Computer forensics is an emerging field of criminal, data and security science concerned with uncovering digital evidence related to crimes or illicit acts. Computer forensics professionals, sometimes called “Computer Forensics Investigators,” “Computer Forensics Analysts” or other professional titles, are computing systems experts who attempt to locate such evidence.
As more and more systems like health records move online and the potential for cybercrimes increases, private companies and public agencies encounter a greater need for computer forensics experts. Innovations in technology will be tracked with parallel developments in security and forensic recovery as both fields pioneer new futures for humankind.
What Does a Computer Forensics Investigator Do?
A computer forensics analyst’s duties will vary based on the case in question. Frequently, a suspected data breach or illicit network activity will occur, and others will come to the analyst so that they can find evidence of the alleged event. Since most cybercrimes and related illegal activities are performed in attempted secrecy, a computer forensics expert will often be looking for evidence trails amidst encrypted or obscured information. They must frequently recover deleted data in order to provide evidence for both the original crime and the subsequent cover-up. A computer forensics investigator may be tasked with discovering evidence on a computer workstation, network servers or on digital media like hard drives and smartphones.
Cybercrime, Data Breaches & Information Theft
In an age where banking information, health records and corporate secrets are all regularly transferred over networks, computer forensic experts must deal with data breaches and information theft as a common case type. Other typical cybercrime cases handled by computer forensics analysts involve hacking, activities like illegal money transfers or the propagation of banned digital content such as child pornography. Counter-terrorism is an increasing duty of computer forensics analysts as entities like ISIS move their operations online and leave digital trails.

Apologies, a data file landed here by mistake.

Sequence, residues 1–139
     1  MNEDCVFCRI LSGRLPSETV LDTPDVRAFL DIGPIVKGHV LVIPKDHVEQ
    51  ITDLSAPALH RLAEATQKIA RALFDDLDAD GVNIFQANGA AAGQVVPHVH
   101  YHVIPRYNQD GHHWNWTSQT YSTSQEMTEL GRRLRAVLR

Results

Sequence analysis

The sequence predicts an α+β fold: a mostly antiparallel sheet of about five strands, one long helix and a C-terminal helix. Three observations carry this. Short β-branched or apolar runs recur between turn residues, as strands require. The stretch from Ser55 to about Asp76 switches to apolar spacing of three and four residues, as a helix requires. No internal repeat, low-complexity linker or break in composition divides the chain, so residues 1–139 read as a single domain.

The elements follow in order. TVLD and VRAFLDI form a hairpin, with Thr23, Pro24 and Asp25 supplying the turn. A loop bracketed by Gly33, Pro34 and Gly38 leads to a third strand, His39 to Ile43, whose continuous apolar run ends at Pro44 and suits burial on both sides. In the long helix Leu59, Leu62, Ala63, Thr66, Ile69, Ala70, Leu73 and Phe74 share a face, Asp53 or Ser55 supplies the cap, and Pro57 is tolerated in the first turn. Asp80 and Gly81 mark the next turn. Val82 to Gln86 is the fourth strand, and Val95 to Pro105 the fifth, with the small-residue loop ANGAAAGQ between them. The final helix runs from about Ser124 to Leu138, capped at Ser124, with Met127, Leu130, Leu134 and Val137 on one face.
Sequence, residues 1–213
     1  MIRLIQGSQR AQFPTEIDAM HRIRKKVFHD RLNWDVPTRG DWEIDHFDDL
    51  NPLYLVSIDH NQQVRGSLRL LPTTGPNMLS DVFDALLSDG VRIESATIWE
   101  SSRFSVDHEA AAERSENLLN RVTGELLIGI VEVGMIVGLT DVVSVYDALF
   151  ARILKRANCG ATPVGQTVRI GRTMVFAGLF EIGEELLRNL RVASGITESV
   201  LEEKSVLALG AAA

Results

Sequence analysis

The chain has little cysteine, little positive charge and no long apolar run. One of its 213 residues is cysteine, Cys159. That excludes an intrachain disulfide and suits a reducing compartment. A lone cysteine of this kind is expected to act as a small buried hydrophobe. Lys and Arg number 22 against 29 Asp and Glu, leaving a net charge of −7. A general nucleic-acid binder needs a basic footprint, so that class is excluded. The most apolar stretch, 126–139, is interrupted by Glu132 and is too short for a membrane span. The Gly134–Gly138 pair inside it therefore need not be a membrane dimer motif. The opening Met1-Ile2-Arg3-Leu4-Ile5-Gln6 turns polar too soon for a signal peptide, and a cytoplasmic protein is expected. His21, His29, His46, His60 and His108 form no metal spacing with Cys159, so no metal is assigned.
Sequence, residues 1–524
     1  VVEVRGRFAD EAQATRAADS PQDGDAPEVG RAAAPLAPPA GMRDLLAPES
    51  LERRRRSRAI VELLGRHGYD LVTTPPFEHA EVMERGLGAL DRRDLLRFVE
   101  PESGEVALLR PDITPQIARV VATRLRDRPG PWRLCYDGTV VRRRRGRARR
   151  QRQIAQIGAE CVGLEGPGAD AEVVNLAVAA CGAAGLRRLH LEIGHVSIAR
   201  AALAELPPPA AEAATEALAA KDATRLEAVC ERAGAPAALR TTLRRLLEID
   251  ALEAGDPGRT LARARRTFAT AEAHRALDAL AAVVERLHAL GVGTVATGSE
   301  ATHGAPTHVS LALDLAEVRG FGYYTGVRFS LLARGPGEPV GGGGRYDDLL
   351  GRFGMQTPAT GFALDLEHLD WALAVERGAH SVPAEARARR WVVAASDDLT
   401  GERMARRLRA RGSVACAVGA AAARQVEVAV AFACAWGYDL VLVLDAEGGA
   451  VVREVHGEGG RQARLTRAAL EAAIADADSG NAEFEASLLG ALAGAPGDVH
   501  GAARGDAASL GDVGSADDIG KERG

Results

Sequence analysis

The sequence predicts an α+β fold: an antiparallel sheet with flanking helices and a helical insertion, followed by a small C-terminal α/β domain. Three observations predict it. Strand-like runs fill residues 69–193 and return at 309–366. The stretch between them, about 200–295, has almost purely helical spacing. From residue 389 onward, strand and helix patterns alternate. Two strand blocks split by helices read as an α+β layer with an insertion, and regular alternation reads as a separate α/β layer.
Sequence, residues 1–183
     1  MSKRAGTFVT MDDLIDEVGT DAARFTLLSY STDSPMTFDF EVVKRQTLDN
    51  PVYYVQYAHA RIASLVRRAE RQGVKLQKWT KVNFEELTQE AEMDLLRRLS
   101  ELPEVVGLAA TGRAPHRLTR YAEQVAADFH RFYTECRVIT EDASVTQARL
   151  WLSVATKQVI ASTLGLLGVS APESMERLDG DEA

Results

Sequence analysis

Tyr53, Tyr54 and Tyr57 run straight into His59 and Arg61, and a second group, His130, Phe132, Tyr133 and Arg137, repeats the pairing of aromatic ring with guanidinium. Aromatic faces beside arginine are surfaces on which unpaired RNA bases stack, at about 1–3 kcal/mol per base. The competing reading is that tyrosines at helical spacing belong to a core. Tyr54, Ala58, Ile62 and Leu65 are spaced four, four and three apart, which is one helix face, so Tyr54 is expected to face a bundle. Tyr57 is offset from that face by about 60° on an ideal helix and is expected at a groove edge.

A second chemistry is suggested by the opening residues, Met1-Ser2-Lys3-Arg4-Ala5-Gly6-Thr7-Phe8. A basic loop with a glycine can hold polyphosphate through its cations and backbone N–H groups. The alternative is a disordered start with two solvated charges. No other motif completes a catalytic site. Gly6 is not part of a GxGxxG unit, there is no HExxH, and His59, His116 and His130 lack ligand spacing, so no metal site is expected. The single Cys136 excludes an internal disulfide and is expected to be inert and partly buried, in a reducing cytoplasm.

Other times, computer forensics is just one component of a physical crime case with evidence that will cross digital and real-life barriers. For instance, serial murderer Joseph E. Duncan III was able to be charged and convicted with first degree murder after the recovery of spreadsheets showing his planning of his crimes and details of his victims’ routines. The late pop singer Michael Jackson’s physician Dr. Conrad Murray was similarly able to be charged based on evidence recovered from his computer, which showed he had given Michael Jackson unsupervised access to lethal amounts of the sedative propofol.
While searching for and compiling evidence, computer forensics analysts must be able to create an audit trail detailing their process and discoveries as a contingency of due process. Methods available to private hackers are thus off-the-table since they may not allow the data to be admitted into evidence. Finally, computer forensics investigators are frequently called upon to testify and present evidence to grand juries or in court as expert witnesses.
Where Does a Computer Forensics Investigator Work?
Law enforcement agencies, such as local police departments and the FBI, frequently run cybercrimes divisions employing computer forensics experts as either civilians or officers. Some computer forensics experts hold positions as detectives or criminal investigators, whereas others are civilian consultants working within the law enforcement structure.
Computer forensics experts are also employed in the private sector. Large companies, data security companies and other organizations concerned with the protection of digital information will have sometimes have in-house forensics experts as part of their security team. Some computer forensics analysts open private consultation practices with services for hire available to both private and public entities.
Job availability can be found anywhere in the U.S. or the world, but most computer forensics investigators are concentrated in metropolitan areas where more corporate networks operate and the risk for cybercrimes is higher.
Computer Forensics Specialist Salaries & Job Outlook
Whether working for public or private organizations, computer forensics can be quite a lucrative career path. The need for expertise and working knowledge of rapidly-evolving systems has lead to high demand in the field and subsequent financial incentives to attract the best talent.
As such, the BLS found that the median salary for computer forensics investigators was around $75,000. Working for lower-tier positions like local law enforcement saw the bottom 10 percent earning around $43,000 with the top ten percent of federal agents or private sector workers earning as much as $119,000 a year.
Additional Careers in Law Enforcement
Consider these additional careers in law enforcement.
Crime Scene Investigator